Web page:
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Home » Well, fuck you very much – mindful cursing

Well, fuck you very much – mindful cursing


This scribble was put on my blog in 2014. Not sure if I drew it that year or before. Either way, I remember that that year the FDP came out with their new CI and to me, it was hilarious that they “copied” the fuck you look.

The title is mindful cursing. So here are a few words about that. I wouldn’t want to tell people to stop cursing – I wouldn’t want to tell myself to stop cursing. At the same time, I find more and more curses questionable and I put a conscious effort into not using them anymore.

This took me some time. Here’s an example – In my late twenties somehow I picked up the habit of calling something I didn’t like “gay.” It is so obvious now that that’s not ok unless I am happily living my homophobia?!? Looking back I can’t believe how I mustered the amount of ignorance, but I did. Until a gay friend pointed out the problematic use of the word “gay” as a curse word.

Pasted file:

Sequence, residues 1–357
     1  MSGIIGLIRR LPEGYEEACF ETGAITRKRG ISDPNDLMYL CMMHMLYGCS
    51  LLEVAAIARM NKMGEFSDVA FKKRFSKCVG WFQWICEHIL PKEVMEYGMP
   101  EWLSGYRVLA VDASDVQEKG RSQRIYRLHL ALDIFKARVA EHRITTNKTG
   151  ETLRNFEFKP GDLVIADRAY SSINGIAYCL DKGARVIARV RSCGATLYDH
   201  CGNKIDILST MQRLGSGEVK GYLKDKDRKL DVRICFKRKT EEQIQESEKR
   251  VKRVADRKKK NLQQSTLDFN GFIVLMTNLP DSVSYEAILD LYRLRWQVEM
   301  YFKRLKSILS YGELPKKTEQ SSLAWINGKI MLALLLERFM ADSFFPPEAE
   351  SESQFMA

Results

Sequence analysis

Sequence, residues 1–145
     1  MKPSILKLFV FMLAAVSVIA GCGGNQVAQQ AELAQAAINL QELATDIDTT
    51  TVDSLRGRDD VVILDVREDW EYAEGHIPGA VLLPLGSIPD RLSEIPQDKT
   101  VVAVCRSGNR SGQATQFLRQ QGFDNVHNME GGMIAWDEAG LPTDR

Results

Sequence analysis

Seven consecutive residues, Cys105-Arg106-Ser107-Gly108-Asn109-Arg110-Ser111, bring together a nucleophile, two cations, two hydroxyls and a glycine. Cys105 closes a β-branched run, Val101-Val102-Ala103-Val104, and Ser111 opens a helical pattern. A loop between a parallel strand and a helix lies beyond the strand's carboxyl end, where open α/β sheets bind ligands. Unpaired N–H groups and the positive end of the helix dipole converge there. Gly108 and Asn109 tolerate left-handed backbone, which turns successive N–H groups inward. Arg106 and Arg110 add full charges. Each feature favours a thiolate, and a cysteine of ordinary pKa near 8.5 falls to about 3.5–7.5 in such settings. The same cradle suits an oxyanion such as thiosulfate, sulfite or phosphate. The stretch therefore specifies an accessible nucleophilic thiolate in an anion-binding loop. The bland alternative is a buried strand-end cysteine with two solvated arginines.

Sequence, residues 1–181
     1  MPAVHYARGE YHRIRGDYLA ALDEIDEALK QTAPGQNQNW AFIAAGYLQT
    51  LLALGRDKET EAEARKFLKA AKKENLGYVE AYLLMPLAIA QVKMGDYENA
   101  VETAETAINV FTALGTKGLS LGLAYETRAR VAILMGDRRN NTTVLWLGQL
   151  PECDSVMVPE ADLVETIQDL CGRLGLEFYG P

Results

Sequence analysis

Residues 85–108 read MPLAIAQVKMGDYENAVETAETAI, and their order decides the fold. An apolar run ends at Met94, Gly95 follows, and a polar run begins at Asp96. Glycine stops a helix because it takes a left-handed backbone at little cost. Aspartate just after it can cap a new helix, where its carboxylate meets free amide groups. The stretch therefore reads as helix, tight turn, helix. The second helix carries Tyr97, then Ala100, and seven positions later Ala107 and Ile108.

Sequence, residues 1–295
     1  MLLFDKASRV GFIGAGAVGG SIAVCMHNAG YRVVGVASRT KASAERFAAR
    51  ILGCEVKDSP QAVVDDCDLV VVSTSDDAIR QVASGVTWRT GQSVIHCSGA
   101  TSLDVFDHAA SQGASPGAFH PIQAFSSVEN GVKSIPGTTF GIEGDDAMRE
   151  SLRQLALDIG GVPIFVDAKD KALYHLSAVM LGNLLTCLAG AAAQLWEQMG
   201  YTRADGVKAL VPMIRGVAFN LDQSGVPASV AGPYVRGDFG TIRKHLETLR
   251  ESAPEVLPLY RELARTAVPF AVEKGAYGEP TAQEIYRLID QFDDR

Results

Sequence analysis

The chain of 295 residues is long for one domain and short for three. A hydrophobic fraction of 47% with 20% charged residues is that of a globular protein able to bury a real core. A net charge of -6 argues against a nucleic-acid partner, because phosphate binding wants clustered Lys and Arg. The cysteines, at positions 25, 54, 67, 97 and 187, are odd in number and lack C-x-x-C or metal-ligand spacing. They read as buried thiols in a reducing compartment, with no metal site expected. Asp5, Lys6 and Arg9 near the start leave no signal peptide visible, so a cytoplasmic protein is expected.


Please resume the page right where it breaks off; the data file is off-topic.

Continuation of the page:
If it’s not harmful to me, and I have the best intentions, it can still be harmful.

Looking back I can’t say if it was a friendly nudge indirectly for me or the world. I remember that I wasn’t ashamed or anything so it definitely wasn’t directly addressed at me. I was and still can be quite fragile… Anyway, it had to be pointed out and maybe it was pointed out several times and I didn’t listen.

Listen even if it is said in a casual tone

Here’s another lesson. If something is pointed out to us and the person is angry, emotional and/ or in distress, we better listen. I know it’s hard, and we do not have to respond right away. We can say we are listening, and we need to let it sink in and get back to the person some days later. But we need to fucking listen – it’s quite likely we just overheard/ ignored the friendly nudge too many times, and while the “outbreak” has a long buildup to us, it comes as a surprise.

One day I heard the – to me – casual remark and understood, and I am so grateful for every time after that when I was able to do it better. It’s not enough to mean no harm – let’s better do less harm whenever we can.